excerts from, Cruising Guide to Prince William Sound, 5th Edition

Upper Falls

Lower Falls

Cascade Falls and Bay from a viewpoint near the trail and playing in the spray below. Photos by Al Narath

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(Anchorage sketches are now in color)

#4-7).. CASCADE BAY:

Cascade Bay has one of the most outstanding waterfalls in the Sound.

Upon entering the bay, gradually favor the N side so that your course takes you within 75 yards of he N shore, 1/4 mile from the narrowest part of the bay, just before entering the wider head where Cascade Falls is located. A reef, whose shoreward extension is marked by a low grassy beach, makes off the S shore toward the small cove with a rock in its middle located immediately E of the entrance to the cove containing the waterfall. Depths of less than 10 ft. may be recorded near mid channel in this area. Deep draft boats should navigate with caution on low or minus tides.

Once inside the cove, the water deepens. Older charts show an islet about 200 yrds. SE of Cascade Falls. Because this area sank in the 1964 earthquake, the islet is now a large rock awash


We prefer the anchorage in 70 ft. off the gravel beach SW of the waterfall. The beach is fairly steep-to and does not have a view of the waterfall, but is close to both routes to the lake and gives children and pets a good place to go ashore.


One can anchor in front of the falls in about 60-80 ft., but it is best to locate the rock awash first. The bottom rises fairly gradually and the current from the falls keeps the boat headed into the falls without much swinging. We would avoid anything shallower than 40 ft. as the bottom appears rocky, the view of the upper falls is obscured, and this crowds others who may enjoy playing in the falls.


The anchorage in front of the delta shoals more abruptly. However, there is good, open hiking from here.


Anchor just off the bight on the S shore in 60 feet. There is adequate swinging room.


Cascade waterfall descends from a series of lakes fed by streams flowing from Eaglek Glacier, which caps the ridge above the anchorage. Eaglek Glacier, like all the apron or cirque glaciers in northern Prince William Sound, has been retreating steadily as warmer winter temperatures have raised the snowline, thus reducing the accumulation area. Lighter colored rock around the glacier shows areas of recent retreat.

If you don't mind getting wet, it is a lot of fun on a warm day to kayak or dingy into the waterfall's spray.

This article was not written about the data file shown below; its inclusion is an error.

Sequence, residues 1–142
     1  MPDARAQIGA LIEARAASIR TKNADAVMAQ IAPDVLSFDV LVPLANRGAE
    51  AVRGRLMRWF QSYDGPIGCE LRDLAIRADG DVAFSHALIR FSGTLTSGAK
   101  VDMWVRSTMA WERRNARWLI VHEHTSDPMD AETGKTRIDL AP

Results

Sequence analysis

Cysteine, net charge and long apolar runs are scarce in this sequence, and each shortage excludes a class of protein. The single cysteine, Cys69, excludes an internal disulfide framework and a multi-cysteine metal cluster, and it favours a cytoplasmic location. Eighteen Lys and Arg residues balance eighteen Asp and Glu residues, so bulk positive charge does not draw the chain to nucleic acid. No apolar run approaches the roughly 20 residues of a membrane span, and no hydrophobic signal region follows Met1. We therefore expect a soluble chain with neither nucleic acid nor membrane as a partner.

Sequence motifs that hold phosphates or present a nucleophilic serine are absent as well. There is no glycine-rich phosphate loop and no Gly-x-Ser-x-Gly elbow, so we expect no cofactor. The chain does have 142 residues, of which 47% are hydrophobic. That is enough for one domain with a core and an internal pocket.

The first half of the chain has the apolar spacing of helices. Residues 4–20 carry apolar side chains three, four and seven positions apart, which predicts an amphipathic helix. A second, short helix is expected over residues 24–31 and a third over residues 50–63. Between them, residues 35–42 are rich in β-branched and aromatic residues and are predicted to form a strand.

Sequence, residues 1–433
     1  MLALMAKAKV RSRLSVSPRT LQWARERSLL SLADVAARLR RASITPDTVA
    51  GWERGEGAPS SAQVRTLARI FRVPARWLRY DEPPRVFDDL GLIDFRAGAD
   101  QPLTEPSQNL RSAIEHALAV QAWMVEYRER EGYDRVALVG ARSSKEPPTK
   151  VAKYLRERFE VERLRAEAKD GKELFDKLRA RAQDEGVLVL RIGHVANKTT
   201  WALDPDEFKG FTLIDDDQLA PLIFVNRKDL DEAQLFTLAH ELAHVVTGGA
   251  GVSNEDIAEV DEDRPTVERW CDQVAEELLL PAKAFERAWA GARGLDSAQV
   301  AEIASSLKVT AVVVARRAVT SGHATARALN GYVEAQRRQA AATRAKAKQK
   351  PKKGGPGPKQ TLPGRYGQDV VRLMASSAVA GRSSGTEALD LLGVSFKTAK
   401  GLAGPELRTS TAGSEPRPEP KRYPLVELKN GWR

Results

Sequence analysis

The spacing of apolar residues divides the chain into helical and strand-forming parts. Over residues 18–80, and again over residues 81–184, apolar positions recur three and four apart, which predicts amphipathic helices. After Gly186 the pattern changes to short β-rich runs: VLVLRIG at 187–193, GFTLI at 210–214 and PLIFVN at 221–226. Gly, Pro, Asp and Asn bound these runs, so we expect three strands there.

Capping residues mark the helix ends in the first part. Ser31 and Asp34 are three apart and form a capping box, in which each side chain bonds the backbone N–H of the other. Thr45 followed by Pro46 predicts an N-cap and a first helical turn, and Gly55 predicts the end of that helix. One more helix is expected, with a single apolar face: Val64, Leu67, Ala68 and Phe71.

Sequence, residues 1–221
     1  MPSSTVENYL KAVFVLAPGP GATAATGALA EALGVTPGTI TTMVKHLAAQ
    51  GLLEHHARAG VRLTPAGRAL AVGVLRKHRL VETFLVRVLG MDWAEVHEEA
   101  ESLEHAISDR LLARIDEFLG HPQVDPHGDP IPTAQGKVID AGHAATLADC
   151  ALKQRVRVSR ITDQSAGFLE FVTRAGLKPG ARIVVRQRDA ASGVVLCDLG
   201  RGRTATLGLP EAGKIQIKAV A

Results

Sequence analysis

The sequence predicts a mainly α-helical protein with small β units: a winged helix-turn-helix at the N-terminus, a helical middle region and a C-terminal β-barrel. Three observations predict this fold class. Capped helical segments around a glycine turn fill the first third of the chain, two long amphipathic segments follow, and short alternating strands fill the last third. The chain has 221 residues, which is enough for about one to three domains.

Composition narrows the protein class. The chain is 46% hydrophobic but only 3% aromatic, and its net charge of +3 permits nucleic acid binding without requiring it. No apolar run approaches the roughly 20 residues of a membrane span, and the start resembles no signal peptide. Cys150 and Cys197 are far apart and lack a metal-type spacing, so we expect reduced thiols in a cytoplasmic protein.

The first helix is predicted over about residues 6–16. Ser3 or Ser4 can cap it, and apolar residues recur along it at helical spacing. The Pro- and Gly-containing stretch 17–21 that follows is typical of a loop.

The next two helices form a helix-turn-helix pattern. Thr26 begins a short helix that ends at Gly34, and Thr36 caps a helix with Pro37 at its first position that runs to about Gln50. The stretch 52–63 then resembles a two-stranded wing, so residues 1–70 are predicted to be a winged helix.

Waterfall trail: A well-defined and well-used trail leads from the edge of the gravel beach just S of the waterfall through the brush and woods and up along the edge of the waterfall and stream to the lake. There are some spectacular overlooks, but parents may wish to keep overly enthusiastic children close at hand as a fall would be fatal.


We prefer a longer, cross-country walk beginning from the gravel beach by anchorage #4, switch-backing up the hillside (requires good handholds in places and fondness for brush in the face) to the crest. Then, wander down through a series of openings separated by copses to the lake and follow the lake's edge to the outlet. There is no good route around the lakes from this side of the waterfall. Continue down the well-defined, waterfall trail to the beach. An animal trail runs along the bay's W shore through patches of skunk cabbage and a series of peatland bog meadows back to the beach anchorage. This is a good place to berry pick but make ample noise to let berry pickers know you are in the vicinity.


To hike to the other side of the lakes ascend from the delta (#6) as shown on the sketch. One boater reports hiking across the frozen lake. It felt very solid until just as he neared the W side, the ice turned mushy and started to give way beneath him. He was thankful to be able to return the long way.


For open ridge walking with good views, ponds and wildflowers hike up the ridge on the E side of the delta.

The States Prince William Sound Area Plan manages this area for both recreation and potential hatchery development. Uplands are owned by the Chugach National Forest, which manages the area for its wilderness qualities including dispersed recreation.

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The Cruising Guide to Prince William Sound is 202 pages, contains 295 Anchorages, 225 Anchorage Maps as above and is packed with years of cruising knowledge and research by the Lethcoes.

Cruising Guide